The era of the Middle Ages for most of us is associated with noble knights who live in huge fortified castles. But not everyone lived like this, and the poor sometimes needed protection just as much. This was especially true of heretics who were not accepted by society and were persecuted by the army at the instigation of the church. Unable to defend themselves using traditional methods, they found an extraordinary way out - to turn into a mobile military fortification … an ordinary cart.
Fairly speaking, the first fortifications from carts were found in antiquity. Later, similar tactics of warfare were actively practiced by nomadic tribes. But nevertheless, the most widespread and its name - wagenburg - fortresses from carts received it in the Middle Ages. And most often their appearance in Europe is associated with the Hussite movement.
Interesting fact: Wagenburg literally translates from German as "transport city".
The Hussites are followers of the teachings of the Czech thinker Jan Hus. In a way, their existence can be called the forerunner of the Reformation. Hus himself was burned to the stake as a heretic for his beliefs, and this became the reason for the outbreak of the so-called Hussite wars.
The main driving force behind the army of the heretics was their radical direction - the Taborites. At some point, they began to burn Catholic churches, and then Crusades began to be waged against all the Hussites - according to Novate.ru, there were five of them in the period 1419-1434.
Taborites are mainly located on Mount Tabor, from which, in fact, they got their name. There they literally lived on wheels - the carts were both a habitat and, as it turned out, a good defensive fortification. Also one that you can take with you in case of a change of residence.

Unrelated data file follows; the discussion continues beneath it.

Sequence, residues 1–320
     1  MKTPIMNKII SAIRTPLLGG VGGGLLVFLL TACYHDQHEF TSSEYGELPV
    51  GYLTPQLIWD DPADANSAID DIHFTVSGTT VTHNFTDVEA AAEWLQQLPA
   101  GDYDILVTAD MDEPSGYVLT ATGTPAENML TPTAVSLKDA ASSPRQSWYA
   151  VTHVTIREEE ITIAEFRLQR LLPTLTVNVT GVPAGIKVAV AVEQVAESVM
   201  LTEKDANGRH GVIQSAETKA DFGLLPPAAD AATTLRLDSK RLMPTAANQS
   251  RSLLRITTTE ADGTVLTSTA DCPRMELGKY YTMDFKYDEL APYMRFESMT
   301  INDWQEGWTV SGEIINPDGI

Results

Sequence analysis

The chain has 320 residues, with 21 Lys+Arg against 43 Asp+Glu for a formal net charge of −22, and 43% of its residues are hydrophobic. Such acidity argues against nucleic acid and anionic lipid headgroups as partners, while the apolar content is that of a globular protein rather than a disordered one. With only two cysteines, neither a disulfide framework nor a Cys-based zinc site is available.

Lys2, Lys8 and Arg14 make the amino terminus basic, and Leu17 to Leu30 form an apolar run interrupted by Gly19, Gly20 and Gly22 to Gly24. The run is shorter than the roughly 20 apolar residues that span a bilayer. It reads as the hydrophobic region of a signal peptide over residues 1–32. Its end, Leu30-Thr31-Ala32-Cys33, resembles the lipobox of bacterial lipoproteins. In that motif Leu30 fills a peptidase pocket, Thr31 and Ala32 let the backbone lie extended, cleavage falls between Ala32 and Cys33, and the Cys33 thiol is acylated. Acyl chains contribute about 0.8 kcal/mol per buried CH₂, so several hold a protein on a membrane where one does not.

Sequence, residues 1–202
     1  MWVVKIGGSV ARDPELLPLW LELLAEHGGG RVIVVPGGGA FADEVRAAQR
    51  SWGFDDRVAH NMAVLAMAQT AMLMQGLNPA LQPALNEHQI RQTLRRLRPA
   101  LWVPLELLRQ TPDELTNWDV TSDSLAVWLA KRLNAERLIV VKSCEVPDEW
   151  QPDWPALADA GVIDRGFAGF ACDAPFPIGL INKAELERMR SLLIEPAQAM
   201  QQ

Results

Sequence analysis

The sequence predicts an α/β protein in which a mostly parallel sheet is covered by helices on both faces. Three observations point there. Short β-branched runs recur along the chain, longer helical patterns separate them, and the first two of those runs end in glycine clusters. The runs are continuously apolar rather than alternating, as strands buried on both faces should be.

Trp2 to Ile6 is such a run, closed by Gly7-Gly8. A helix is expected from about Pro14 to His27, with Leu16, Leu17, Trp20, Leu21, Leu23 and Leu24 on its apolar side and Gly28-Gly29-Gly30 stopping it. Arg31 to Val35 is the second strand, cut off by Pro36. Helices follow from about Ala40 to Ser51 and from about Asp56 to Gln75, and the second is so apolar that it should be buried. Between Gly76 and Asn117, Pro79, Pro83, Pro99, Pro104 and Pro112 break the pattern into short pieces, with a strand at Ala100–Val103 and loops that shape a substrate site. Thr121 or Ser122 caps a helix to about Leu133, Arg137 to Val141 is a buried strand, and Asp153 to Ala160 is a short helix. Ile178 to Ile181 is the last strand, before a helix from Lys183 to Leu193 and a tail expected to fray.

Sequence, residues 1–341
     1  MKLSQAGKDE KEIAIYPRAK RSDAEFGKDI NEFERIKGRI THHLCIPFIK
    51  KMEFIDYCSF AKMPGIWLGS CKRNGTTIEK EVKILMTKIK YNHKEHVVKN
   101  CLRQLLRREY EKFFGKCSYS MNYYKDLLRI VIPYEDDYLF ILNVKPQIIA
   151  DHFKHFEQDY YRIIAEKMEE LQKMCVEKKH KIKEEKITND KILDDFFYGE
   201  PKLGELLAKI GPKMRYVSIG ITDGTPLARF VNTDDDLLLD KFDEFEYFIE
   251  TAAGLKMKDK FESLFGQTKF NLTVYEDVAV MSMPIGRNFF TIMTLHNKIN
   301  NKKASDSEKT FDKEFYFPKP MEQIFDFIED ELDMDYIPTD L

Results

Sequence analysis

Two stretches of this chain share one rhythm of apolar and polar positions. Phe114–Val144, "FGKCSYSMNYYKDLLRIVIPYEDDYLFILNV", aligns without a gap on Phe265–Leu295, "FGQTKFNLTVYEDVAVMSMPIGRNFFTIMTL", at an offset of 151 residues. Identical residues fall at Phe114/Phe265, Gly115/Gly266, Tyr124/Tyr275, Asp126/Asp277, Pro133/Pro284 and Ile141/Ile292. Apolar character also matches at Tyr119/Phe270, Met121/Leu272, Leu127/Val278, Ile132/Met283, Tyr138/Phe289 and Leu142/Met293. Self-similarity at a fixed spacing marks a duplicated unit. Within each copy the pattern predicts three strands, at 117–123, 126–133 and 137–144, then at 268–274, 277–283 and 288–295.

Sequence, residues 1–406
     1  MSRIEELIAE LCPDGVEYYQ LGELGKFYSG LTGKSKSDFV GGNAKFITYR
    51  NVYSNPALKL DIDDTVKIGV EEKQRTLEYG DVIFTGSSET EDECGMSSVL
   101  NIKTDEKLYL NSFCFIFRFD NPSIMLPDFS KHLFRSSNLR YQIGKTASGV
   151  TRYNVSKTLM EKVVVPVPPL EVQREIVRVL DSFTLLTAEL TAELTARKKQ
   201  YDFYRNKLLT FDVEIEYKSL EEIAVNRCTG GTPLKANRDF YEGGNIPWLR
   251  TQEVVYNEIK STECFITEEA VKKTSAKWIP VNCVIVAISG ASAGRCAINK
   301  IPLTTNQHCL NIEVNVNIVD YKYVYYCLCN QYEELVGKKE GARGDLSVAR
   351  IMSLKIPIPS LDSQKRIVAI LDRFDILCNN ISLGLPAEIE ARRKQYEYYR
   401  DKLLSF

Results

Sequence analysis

During the battle with the crusaders or other enemies, the Hussites lined up carts in columns, which could be from one to three. The troops went either behind the carts, under cover, or between them.
And the Wagenburg itself was undergoing changes: initially it was just an additional line between the sides of the battle. The number of carts was used at the rate of one for 15-20 infantrymen. Later, to improve the defensive qualities of the Wagenburg, shields were installed between the carts, as well as chains with which the carts were fastened together.
The mobility of the Wagenburgs allowed them to be used in almost any conditions, even when traveling from place to place. In the event that the temporary camp of the Hussites was attacked, the carts were regrouped, lining them up in a circle or quadrangle and fastening them together with chains. In addition, if the defense was supposed to be long, then all the passages between the fortifications were closed, and a ditch was dug in front of Wagenburg.
To increase the fighting efficiency of the Hussites, cannons were installed between the carts. Moreover, they were fixed rigidly, without the ability to turn them anywhere. Therefore, in the event of a frontal attack, those who dared to attack the fortress on wheels often suffered serious losses.
The practice of using the Wagenburg proved its worth, and the Hussites were not the only ones in Europe who used fortresses on wheels. References to such tactics of warfare can be found, for example, in the history of the Hundred Years War. This practice was not spared by the Russian Empire: during the campaign against Kazan and the defense of Moscow, fortified heavy carts were also used, which were called "walk-gorod".
The decline of the era of the knights affected not only the nature of the battle, but also the appearance of the European armies: Unhurried era, or How the soldiers of European armies defended themselves after abandoning solid armor.